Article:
Then again, I was sorta rooting for the Japanese but the three aforementioned countries' (US, Jap., China) routines kept literally inducing many many jawdropping moments, as I don't really follow gymnastics and was often like "Holy crap, they can do that?" :shock:

The womens' gymnastics was on TV one night and I watched for a bit - weirdly, I wasn't as impressed ... don't know why? Their routines didn't seem as good, maybe related to perhaps less 'powerful' from less arm strength? It just seemed different, and was never jaw-dropping ... any idea why? :scratch:
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Primula Baggins
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Post by Primula Baggins »

My husband just sent this link to me with the notation, "Why they keep Mary Carillo around. Best explanation of badminton ever."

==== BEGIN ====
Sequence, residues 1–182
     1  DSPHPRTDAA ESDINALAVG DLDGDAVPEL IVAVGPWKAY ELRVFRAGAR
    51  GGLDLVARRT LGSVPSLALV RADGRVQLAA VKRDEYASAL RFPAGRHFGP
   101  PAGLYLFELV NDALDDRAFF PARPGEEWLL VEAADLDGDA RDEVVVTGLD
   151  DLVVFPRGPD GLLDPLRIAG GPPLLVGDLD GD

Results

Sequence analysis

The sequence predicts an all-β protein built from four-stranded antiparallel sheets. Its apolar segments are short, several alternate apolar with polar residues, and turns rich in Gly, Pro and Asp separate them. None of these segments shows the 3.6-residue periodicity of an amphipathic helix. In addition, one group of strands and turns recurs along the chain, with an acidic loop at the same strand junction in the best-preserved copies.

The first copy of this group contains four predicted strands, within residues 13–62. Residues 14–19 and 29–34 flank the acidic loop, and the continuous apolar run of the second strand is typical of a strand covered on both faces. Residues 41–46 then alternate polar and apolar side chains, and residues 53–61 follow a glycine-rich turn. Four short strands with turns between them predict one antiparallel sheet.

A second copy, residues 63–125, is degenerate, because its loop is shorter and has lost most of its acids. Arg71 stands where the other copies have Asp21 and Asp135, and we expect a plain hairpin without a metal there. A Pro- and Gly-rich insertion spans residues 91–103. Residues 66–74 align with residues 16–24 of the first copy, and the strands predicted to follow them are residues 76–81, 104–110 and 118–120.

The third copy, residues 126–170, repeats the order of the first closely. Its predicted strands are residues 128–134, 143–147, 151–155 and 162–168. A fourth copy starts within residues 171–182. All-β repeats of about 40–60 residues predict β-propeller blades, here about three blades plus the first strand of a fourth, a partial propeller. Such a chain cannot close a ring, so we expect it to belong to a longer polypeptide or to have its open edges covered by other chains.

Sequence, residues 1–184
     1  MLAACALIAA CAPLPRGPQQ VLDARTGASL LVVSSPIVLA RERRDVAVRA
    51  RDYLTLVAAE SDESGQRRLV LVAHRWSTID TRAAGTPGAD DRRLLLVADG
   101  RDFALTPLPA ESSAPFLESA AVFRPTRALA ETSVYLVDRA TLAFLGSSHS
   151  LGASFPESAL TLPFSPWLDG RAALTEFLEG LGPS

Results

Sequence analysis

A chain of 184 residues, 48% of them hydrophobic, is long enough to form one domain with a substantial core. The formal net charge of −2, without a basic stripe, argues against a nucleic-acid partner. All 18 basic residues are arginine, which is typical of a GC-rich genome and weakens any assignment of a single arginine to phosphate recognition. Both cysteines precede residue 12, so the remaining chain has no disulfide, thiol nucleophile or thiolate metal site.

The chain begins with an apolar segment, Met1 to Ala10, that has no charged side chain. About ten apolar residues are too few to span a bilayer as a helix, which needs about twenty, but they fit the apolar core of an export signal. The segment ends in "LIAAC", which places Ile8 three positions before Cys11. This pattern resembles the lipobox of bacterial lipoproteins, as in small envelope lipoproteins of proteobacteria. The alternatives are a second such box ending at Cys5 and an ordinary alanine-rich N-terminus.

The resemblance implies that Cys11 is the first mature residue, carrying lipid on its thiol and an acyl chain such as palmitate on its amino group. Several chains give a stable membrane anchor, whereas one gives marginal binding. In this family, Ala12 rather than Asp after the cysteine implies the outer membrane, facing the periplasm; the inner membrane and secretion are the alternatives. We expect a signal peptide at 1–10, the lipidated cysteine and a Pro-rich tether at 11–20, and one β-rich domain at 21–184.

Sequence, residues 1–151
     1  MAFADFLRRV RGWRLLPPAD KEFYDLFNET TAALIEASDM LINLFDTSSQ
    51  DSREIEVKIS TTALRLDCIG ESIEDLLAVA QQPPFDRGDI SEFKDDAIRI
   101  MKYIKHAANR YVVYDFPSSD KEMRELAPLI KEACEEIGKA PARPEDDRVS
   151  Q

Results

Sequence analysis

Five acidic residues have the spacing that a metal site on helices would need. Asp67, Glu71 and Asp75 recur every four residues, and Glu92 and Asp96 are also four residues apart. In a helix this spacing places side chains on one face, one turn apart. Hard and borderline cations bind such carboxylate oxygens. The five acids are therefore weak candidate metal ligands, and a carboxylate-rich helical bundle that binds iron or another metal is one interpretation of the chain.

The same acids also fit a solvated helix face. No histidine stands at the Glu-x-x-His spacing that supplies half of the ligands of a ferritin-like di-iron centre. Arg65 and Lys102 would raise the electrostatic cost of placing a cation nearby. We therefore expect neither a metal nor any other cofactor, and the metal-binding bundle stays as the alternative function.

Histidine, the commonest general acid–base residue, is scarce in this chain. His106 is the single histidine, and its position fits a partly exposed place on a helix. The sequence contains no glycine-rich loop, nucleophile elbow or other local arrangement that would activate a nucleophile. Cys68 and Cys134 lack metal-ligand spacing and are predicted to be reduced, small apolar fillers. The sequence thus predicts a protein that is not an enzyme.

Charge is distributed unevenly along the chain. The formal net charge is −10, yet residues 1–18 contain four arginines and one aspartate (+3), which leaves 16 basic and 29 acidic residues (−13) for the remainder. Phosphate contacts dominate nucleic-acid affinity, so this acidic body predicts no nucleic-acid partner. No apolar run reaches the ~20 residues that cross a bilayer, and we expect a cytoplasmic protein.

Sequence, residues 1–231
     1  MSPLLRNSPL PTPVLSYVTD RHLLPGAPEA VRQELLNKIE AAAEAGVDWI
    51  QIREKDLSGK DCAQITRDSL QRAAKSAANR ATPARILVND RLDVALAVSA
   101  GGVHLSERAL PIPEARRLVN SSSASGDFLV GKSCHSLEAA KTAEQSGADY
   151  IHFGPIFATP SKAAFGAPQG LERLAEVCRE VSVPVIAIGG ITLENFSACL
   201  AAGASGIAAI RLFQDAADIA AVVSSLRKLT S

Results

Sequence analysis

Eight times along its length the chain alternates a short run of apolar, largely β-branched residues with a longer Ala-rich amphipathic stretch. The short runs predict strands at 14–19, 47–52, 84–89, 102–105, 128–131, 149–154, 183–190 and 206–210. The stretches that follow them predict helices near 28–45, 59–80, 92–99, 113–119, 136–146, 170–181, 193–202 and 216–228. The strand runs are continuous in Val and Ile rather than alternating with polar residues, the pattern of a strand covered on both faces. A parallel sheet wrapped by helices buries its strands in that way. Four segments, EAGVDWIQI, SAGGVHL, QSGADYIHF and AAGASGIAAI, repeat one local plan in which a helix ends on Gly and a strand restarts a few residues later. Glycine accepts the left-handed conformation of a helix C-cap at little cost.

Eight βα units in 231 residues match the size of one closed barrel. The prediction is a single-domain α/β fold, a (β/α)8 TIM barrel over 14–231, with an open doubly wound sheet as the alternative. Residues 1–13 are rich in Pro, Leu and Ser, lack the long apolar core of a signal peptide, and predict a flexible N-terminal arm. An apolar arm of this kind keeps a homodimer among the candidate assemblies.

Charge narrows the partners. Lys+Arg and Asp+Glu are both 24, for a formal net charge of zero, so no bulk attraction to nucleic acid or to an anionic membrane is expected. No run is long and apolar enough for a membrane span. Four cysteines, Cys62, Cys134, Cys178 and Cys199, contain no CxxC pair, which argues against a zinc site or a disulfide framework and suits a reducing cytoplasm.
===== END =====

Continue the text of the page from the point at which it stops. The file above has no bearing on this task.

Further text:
My husband is always right.

http://www.wimp.com/epicbadminton/

(The setup: It's the 2004 Olympics in Athens, it's the middle of the night, she's on the air covering Olympic badminton, and suddenly appears to realize that there are probably about 18 people watching worldwide. And off she goes.)
“There, peeping among the cloud-wrack above a dark tor high up in the mountains, Sam saw a white star twinkle for a while. The beauty of it smote his heart, as he looked up out of the forsaken land, and hope returned to him. For like a shaft, clear and cold, the thought pierced him that in the end the Shadow was only a small and passing thing: there was light and high beauty for ever beyond its reach.”
― J.R.R. Tolkien, The Return of the King